The discharge is sent by the Clerk of the U.S. Bankruptcy Court to the debtor, to the debtor’s Roselle bankruptcy attorney, and to all creditors in the case. The discharge is the final document that’s going to be sent, and it proves that the case has gone to completion and no creditors can contact or try to collect on a discharged debt. I always advise my clients to keep the discharge order in a safe place for future reference. Many times after an individual bankruptcy case is completed, a creditor will come out of the woodwork and try to collect on a debt that was discharged. This is sometimes an innocent violation of the discharge injunction whereby the creditor just did not become aware of the bankruptcy. In many cases, creditors transfer the right to collect to another creditor during the course of the process, and the may not have received the bankruptcy notice. If you photocopy your discharge order and send it to that creditor, they will stop all collection efforts. If they do not stop collection efforts after you send them the discharge order, then you should contact your Illinois bankruptcy attorney, and your attorney will be able to send them notice with a little bit more strength.
The entire process on Chapter 7 should take anywhere from 100 to 120 days from start to finish. It all starts with the filing of the case, followed by the 341 meeting of creditors, followed by the 2-month waiting period for creditors to file objections to your discharge, and then a final discharge should there be no objections. Most Chapter 7 cases go off without any problem, and they complete without any problem.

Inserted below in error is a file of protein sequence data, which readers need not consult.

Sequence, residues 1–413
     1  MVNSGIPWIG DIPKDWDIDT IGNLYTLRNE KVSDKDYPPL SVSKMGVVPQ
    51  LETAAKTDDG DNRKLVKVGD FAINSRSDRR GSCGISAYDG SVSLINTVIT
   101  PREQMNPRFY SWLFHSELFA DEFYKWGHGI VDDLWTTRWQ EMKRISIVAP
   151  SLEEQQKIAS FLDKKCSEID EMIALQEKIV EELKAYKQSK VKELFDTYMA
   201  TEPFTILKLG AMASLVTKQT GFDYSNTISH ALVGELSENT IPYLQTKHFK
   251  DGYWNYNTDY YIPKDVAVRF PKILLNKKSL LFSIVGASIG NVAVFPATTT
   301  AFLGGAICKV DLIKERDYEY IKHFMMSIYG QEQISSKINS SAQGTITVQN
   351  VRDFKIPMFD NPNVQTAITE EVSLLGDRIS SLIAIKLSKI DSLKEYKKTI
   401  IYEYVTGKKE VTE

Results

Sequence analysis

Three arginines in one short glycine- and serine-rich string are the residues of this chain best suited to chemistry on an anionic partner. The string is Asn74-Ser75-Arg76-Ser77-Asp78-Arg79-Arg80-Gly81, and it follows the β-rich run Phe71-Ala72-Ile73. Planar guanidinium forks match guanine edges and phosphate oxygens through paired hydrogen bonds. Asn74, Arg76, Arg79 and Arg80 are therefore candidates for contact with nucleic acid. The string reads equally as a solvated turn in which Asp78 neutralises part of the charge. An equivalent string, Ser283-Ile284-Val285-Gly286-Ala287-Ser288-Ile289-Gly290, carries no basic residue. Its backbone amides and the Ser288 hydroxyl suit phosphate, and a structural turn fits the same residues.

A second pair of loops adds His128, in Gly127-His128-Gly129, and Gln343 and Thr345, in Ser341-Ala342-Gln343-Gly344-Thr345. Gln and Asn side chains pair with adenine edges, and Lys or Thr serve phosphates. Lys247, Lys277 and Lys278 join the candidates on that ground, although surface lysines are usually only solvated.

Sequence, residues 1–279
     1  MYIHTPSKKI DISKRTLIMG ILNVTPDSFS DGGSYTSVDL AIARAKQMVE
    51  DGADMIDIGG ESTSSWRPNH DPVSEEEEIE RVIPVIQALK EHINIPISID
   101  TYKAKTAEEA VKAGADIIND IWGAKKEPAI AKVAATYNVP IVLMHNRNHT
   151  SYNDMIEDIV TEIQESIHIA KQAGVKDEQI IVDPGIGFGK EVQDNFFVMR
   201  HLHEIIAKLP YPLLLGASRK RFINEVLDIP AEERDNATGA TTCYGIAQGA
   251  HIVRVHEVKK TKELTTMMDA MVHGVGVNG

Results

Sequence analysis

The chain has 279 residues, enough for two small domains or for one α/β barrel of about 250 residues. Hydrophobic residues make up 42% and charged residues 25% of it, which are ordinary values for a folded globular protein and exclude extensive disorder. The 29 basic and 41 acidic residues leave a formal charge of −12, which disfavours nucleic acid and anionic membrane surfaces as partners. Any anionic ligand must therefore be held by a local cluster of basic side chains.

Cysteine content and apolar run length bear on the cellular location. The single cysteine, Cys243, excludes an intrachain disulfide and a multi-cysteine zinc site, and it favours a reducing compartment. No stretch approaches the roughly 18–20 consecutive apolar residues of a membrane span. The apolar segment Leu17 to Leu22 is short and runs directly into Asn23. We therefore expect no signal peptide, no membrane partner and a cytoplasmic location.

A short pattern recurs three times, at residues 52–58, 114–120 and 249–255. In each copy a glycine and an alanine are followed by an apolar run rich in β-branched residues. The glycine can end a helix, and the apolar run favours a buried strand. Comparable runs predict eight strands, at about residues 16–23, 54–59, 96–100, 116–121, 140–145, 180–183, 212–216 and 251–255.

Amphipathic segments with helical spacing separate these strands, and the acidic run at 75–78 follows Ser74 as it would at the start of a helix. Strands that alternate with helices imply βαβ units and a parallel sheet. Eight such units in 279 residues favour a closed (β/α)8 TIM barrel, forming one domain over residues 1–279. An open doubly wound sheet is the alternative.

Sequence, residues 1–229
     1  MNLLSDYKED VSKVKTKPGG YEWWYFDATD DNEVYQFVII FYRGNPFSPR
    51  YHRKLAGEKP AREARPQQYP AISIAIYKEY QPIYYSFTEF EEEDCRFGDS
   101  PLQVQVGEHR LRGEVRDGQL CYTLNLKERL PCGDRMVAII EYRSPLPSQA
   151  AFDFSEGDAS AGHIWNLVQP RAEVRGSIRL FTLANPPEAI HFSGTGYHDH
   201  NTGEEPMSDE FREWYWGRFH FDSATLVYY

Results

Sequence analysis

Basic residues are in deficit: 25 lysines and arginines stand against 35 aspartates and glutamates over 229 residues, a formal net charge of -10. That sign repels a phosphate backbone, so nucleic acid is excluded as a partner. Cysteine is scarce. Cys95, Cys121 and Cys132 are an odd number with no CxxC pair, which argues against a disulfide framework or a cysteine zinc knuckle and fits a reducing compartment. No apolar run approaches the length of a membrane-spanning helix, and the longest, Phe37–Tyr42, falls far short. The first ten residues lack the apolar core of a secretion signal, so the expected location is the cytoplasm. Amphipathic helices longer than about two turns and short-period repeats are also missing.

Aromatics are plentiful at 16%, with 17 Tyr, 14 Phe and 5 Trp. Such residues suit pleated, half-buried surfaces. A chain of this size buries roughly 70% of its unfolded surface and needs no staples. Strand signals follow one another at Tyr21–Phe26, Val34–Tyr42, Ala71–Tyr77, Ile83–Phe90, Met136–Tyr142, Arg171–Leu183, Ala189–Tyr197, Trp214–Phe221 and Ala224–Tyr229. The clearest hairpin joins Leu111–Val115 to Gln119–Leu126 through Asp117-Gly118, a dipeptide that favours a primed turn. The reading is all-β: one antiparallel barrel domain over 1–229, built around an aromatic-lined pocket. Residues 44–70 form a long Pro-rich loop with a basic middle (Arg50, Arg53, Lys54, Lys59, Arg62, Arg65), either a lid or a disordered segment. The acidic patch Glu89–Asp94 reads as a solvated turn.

If you are someone who is seeking to file Chapter 7 bankruptcy, I strongly recommend that you meet with several bankruptcy attorneys before you make a decision on which attorney to hire. I do not suggest that you hire the cheapest attorney out there. There are many attorneys who are not very experienced in bankruptcy that have come over from other areas of the law because they now feel that bankruptcy is a lucrative practice area. Some of these attorneys are not versed in bankruptcy at all and are trying to get in under the market rate by charging a very low fee. Do not hire a bankruptcy attorney simply because he has low fees. I recommend that you meet with the attorney and you ask significant questions so that you can get answers and get a feel for whether or not that bankruptcy lawyer is knowledgeable in that area of the law.